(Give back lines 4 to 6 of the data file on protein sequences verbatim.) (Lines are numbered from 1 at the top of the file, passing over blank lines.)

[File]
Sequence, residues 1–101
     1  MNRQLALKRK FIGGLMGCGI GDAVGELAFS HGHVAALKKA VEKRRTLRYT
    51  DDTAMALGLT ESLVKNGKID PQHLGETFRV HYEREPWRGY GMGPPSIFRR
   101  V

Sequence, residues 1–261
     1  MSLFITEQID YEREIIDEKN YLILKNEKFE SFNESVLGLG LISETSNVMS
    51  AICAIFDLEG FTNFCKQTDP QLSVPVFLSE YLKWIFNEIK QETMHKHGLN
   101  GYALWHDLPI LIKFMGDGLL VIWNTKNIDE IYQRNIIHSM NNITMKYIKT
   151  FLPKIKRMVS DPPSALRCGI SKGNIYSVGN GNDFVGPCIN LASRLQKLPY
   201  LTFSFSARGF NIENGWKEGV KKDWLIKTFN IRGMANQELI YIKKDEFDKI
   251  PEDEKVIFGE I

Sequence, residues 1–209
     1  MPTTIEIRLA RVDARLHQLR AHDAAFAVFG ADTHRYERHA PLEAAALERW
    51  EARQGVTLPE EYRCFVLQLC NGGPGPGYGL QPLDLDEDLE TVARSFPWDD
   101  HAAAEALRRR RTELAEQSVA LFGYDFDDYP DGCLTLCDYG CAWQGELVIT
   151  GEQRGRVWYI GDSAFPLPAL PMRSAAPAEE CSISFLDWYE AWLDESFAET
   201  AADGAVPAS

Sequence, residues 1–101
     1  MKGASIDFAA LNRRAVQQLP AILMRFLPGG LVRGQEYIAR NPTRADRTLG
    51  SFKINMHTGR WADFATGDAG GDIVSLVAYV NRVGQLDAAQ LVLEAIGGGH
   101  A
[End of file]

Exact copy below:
   101  V

Sequence, residues 1–261
     1  MSLFITEQID YEREIIDEKN YLILKNEKFE SFNESVLGLG LISETSNVMS